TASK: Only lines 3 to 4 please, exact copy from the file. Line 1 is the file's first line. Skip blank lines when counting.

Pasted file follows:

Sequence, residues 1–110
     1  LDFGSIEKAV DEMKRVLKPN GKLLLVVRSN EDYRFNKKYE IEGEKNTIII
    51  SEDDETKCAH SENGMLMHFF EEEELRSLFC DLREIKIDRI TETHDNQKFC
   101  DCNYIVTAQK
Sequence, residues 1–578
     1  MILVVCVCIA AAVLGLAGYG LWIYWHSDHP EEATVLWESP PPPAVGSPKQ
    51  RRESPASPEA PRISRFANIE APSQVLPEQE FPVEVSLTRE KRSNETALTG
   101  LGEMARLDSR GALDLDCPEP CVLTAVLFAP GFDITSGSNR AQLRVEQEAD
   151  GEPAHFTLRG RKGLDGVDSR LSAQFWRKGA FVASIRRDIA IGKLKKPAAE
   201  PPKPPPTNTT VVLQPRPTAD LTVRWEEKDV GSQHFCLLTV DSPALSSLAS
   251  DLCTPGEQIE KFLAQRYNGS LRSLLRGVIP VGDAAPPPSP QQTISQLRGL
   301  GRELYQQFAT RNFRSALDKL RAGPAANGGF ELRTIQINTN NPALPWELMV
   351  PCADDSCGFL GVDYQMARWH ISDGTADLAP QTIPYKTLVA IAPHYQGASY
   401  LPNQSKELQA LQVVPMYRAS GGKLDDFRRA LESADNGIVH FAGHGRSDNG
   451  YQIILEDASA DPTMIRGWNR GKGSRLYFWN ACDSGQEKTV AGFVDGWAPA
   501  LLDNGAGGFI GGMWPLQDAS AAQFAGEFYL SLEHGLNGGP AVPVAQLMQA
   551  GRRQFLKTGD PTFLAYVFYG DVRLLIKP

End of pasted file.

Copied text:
    51  SEDDETKCAH SENGMLMHFF EEEELRSLFC DLREIKIDRI TETHDNQKFC
   101  DCNYIVTAQK